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How Long Do Creditors Have to Collect a Debt from an Estate?

Patrick Austin, J.D. | April 12, 2024

Patrick Austin
Attorney from George Mason
Patrick Austin, JD

Patrick Austin is a licensed attorney with a background in data privacy and information security law. Patrick received his law degree at George Mason University's Antonin Scalia Law School, where he served as the Editor-in-Chief for the National Security Law Journal.

Edited by Hannah Locklear

Hannah Locklear
Editor at SoloSuit
Hannah Locklear, BA

Hannah Locklear is SoloSuit’s Marketing and Impact Manager. With an educational background in Linguistics, Spanish, and International Development from Brigham Young University, Hannah has also worked as a legal support specialist for several years.

Creditors only have so long to collect a debt from an estate

Summary: Generally speaking, creditors are afforded a period of time to try and collect a debt from a deceased person’s estate. The exact amount of time varies depending on the law of the state in which the deceased resided. If a creditor fails to contact the estate about the debt within the applicable timeframe, the estate would be off the proverbial hook to pay back the debt.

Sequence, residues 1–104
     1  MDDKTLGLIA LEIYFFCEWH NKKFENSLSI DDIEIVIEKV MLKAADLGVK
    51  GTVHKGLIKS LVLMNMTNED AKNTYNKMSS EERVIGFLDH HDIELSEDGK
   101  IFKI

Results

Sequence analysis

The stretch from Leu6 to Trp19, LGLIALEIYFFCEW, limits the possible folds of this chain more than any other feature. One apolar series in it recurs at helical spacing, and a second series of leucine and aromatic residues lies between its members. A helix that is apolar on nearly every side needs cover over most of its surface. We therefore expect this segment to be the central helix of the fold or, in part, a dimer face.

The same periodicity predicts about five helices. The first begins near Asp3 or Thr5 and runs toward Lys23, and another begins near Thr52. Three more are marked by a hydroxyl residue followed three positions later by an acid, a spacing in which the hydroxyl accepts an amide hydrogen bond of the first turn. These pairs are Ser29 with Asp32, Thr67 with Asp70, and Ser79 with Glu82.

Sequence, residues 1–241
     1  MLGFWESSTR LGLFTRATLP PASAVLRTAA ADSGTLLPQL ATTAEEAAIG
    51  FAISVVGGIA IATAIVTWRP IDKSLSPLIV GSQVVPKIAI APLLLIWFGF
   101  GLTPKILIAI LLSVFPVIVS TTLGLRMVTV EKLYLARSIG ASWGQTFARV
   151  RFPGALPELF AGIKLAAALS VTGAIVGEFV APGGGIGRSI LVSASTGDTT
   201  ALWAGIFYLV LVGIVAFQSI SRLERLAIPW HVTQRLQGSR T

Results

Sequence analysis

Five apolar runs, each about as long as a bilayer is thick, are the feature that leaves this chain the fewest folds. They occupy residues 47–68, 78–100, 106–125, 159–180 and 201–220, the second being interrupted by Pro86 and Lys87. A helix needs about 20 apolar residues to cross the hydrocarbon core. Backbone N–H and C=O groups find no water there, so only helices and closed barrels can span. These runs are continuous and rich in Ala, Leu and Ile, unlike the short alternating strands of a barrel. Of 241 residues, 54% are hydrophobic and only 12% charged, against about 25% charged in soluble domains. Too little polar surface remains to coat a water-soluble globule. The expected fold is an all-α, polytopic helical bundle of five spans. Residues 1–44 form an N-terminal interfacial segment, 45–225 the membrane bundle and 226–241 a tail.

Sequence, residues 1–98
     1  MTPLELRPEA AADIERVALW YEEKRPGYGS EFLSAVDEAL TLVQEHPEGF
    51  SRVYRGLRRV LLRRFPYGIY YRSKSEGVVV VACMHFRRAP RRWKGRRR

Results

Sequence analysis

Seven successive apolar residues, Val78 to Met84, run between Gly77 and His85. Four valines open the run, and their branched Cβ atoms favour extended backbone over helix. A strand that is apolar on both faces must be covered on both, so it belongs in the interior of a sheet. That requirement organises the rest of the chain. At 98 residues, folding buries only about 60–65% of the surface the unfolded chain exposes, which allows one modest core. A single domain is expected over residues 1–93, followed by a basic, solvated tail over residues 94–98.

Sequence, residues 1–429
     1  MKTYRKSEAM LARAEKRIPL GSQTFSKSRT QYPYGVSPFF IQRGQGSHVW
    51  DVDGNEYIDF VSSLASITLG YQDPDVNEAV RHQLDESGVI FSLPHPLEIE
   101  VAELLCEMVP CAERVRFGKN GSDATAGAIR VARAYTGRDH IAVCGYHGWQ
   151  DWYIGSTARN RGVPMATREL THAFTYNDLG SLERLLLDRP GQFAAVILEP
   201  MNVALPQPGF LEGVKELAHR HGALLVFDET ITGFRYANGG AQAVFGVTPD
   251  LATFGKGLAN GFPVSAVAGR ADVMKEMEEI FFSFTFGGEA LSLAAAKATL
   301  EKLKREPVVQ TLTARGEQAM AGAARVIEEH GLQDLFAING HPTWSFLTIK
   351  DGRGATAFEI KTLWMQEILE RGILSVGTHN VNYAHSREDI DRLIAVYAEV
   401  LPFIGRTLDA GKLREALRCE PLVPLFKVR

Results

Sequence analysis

Fair warning - this is going to be a downer of an article. Why? Because it focuses on death and debt. #nofun

Despite the bummer-nature of the topic, it warrants a discussion since many people may not realize their debts continue to live on after they pass away. Basically, when someone with outstanding debts passes away, the debt continues to survive. An apt description would be “The Walking Debtor.”

But before we dive into what happens with debts in the wake of someone’s death and the amount of time a creditor is allotted to try and collect on that debt, let’s go over some basics about time limitations placed on debts.

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What are the time limits for debt collection?

When it comes to the collection of debt, there is a statutory time period in which creditors can attempt to collect on that debt. This time period is known as the “statute of limitations.” The applicable statute of limitations for a debt will place a legal deadline that creditors must comply with in order to try and collect on a debt and/or file a legal action against someone to try and collect on that debt. The state in which you reside, as well as the type of debt owed, will generally determine the applicable statute of limitations.

So, in other words, there is a time limit for creditors and debt collectors to sue someone over a debt. This is called the statute of limitations, which varies by state.

Debts of the deceased